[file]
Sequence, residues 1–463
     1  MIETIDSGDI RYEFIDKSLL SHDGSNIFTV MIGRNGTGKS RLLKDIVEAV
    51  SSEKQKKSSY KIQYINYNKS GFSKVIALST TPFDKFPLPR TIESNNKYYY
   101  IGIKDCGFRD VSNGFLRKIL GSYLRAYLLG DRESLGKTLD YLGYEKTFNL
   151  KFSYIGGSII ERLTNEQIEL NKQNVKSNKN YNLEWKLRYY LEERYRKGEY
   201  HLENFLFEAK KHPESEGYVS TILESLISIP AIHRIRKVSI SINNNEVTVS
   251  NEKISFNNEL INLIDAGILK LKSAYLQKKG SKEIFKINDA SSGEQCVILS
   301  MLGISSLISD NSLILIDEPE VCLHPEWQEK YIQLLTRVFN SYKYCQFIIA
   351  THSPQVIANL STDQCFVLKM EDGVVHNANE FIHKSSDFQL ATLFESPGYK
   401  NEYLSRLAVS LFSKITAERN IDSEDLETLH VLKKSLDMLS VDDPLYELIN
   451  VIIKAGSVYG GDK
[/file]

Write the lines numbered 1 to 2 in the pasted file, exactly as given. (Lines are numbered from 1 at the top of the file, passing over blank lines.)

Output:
Sequence, residues 1–463
     1  MIETIDSGDI RYEFIDKSLL SHDGSNIFTV MIGRNGTGKS RLLKDIVEAV